Arguably the biggest issue for Valeant is its approximately $31 billion in debt. Discussions have been made about its Bausch & Lomb business being worth perhaps as much as $20 billion, and its Salix Pharmaceuticals' product portfolio and pipeline fetching an $11 billion price tag -- meaning a sale of these two would essentially wipe out Valeant's existing debt. But what rapidly growing options would Valeant have left if it jettisoned these two core assets in a sale? I'd say there may not be enough left to make up its current valuation, and it would most certainly struggle to grow its top-line without Bausch & Lomb and/or Salix. There's no easy way to work around Valeant's debt issues, and it's a major deterrent to any acquisition.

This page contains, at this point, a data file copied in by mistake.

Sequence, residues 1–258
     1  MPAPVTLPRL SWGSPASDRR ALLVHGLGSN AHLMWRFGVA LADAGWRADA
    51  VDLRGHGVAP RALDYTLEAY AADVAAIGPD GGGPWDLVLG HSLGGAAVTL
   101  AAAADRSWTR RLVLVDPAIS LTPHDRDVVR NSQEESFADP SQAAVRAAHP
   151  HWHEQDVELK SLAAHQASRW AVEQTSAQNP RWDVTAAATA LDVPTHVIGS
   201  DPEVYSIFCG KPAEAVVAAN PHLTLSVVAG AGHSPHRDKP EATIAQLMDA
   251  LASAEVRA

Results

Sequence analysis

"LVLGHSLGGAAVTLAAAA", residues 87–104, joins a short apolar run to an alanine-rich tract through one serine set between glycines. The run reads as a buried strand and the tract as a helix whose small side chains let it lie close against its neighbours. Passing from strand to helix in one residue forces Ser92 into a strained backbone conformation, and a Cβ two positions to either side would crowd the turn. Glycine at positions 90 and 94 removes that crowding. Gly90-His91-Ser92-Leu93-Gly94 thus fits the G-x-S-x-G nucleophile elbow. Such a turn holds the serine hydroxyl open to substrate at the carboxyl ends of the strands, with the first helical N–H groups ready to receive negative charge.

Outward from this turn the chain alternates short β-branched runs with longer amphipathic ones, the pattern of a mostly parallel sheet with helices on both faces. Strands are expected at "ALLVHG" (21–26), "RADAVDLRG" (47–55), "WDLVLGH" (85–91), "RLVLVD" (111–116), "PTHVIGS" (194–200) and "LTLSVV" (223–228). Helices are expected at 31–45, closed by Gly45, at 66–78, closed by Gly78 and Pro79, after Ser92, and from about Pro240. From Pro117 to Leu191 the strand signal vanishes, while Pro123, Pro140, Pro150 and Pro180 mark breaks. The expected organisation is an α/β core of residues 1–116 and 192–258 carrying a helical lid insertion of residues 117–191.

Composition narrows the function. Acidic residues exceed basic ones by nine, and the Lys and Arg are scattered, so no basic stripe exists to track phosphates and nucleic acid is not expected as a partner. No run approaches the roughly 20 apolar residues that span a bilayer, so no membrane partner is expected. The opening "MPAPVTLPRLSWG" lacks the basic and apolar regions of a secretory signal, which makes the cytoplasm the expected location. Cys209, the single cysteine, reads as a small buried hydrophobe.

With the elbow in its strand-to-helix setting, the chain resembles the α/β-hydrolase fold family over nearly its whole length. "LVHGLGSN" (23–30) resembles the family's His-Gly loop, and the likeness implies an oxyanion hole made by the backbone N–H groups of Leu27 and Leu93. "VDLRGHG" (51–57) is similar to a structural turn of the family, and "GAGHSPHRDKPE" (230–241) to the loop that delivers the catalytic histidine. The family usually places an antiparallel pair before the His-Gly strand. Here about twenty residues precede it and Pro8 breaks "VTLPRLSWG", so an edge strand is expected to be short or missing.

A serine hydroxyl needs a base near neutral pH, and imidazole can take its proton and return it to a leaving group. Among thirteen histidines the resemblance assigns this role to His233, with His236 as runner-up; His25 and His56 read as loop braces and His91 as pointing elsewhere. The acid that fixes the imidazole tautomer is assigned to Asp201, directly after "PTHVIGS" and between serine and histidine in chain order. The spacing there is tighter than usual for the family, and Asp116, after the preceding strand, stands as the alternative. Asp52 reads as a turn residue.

2. Its business model is still uncertain
There's also that little issue of Valeant dealing with three ongoing probes, as outlined by its 10-K filing. J. Michael Pearson's testimony may have opened Pandora's Box when it comes to the pricing power of drugmakers for existing medicines. It's always possible that Valeant's pricing practices are justified, or that something as simple as pricing reforms could be instituted in light of Valeant's price hikes on Nitropress and Isuprel. Conversely, it's also possible that lawmakers could throw the proverbial book at Valeant and levy fines for what it deems unfair pricing practices.
These are just some of the many unknowns of Valeant's business model. Without being able to access debt markets, its hands are essentially tied on further M&A -- and without M&A, no one is exactly certain where Valeant heads next.
3. Why bring in Papa if you're going to sell?